What is a Call Sheet?

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A call sheet is a daily schedule for filming crafted by the 1st Assistant Director. It's filled with vital information about your shoot, pulled from both the production’s shooting schedule and shot list. It's more than just a scheduling tool for your production, though—it's a way to plan for contingencies and keep your entire production on the same wavelength. Cast and crew members will refer to the call sheet as production unfolds to keep track of crew calls, locations, shooting progress, parking instructions, major contact information, phone numbers, and more. You’ll realize the importance of a call sheet when you forget to send one out the night before a shoot day and everyone from your actors to your production assistants will be calling in a panic asking, “When do I show up? Where do I go? What scenes are we doing? What weather should I prepare for?!” 

Blank call sheet for a film

While it’s crucial for the 1st AD to know how to create a call sheet, it’s equally important for all members of a production to understand how to interpret one. And if you find yourself on a small production or one with a limited budget, you may just be the one tasked with creating the daily call sheets. 

How to Read a Call Sheet

There is no one right way to design a call sheet, but the golden rule is: the simpler the better. Save the memes and BTS photos for later—the call sheet should be the main line of communication for your production and will be used as a reference throughout shooting. Stick to essential info only.

Top of the Call Sheet

The top of the call sheet should always include:

  • The name of your production
  • The date of the shoot
  • General crew call, AKA the exact time the majority of your crew needs to show up.
  • Important contact information for the heads of your production (UMP, producer, director, AD, etc.) should also be featured up top in case a cast or crew member needs to get in touch quickly.
  • The top of the sheet should include the “Day Out of Days” report (DOOD) to track the progress of your shoot, the specific times for both sunset and sunrise, the high and low temperature forecast for the day, parking instructions, and the address of the nearest hospitals. Make this information the easiest to find on your call sheet.

For larger productions, the top of the sheet may also include a short breakdown of the schedule for the day (e.g. Crew Call: 9 a.m.; Lunch: 3 p.m.; Company Move: 4:30 p.m. and so on). You may also want to use some free space to include notes about the day’s schedule, like noting that smoking isn’t allowed on set that day because of a stunt setup. 

Top of a call sheet

Bottom of the Call Sheet

The bottom half of the call sheet should contain:

  • A breakdown of the scenes to be shot
  • Where and when these scenes will be shot
  • Who is scheduled to appear in these scenes.
Bottom of a call sheet

Make sure you note whether a scene is day or night and how many pages each scene requires. (This will continue to help production plan for the amount of time needed for each scene.) Include a very brief description of the scene, including which actors will be involved. Also be sure to include the time production breaks for lunch (which is always six hours after general crew call). A list of the talent with their corresponding character names may also be included after the scene breakdowns to indicate their respective roles and call times.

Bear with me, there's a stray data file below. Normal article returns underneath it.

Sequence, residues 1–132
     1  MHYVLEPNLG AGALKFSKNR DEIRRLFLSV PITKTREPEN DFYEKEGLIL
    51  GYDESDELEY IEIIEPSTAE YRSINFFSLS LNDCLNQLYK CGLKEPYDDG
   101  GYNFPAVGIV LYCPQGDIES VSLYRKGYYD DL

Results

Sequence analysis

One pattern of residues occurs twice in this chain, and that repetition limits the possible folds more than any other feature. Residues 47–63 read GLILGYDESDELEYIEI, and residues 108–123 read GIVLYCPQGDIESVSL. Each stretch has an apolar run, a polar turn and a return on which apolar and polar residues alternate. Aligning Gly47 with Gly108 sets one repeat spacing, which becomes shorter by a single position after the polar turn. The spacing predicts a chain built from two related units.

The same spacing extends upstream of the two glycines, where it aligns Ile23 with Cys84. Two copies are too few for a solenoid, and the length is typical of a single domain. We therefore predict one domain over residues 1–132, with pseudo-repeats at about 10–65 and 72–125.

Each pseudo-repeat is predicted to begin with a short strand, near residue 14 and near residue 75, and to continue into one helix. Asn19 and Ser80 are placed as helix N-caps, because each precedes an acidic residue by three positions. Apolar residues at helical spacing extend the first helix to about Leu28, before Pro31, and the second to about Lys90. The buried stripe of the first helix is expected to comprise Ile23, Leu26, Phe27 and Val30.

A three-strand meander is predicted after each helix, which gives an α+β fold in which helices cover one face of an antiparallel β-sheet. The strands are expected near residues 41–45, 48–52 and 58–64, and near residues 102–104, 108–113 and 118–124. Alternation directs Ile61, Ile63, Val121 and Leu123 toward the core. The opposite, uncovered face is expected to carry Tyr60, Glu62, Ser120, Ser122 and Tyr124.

RELATED: How to Get Your First Job on a Movie Set

Call Sheet Templates

Some people like to create their own call sheet templates, but I’ve always found that letting the pros do the heavy lifting is much easier. Templates are available for free everywhere online, but some of my favorites examples come from StudioBinder, No Film School, and celtx. They’re all incredibly easy to use, allow for minor customization without overcomplicating things, and the finished product is everything a call sheet should be: clean, easy-to-read, packed with relevant information. What’s more, all three of these are readable on desktop, mobile, and paper, so no need to reformat for someone who prefers to read on a cell phone. 

The Takeaway

Properly creating and circulating a call sheet is an essential practice for any production hoping to run smoothly. Even if your production consists of 10 close friends, getting in the habit of being organized and professional will take you a long way in this industry. The template you use to make your call sheet is completely up to you, just as long as all the pertinent information is presented clearly. Make the call sheet your ally in planning and preparation!

For more on how to get work on a film crew, visit Backstage’s crew hub!

Author Headshot
Jenn Shadd
Jenn Shadd is a filmmaker and film scholar based in Los Angeles. She is a graduate of the UCLA School of Theater, Film and Television with a degree in Narrative Production, and a graduate of ASU’s Film and Media Studies Master's program. She works for the world's largest film and TV visualization studio, THE THIRD FLOOR, and is an associate faculty member in the ASU Department of English. Jenn hopes to create a cinematic body of work that reflects her passion for the empowerment of young girls and women.
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